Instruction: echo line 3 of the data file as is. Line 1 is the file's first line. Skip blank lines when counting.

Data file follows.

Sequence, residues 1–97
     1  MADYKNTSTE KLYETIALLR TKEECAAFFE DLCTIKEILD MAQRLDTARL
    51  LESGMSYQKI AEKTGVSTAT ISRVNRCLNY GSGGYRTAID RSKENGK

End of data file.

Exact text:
    51  LESGMSYQKI AEKTGVSTAT ISRVNRCLNY GSGGYRTAID RSKENGK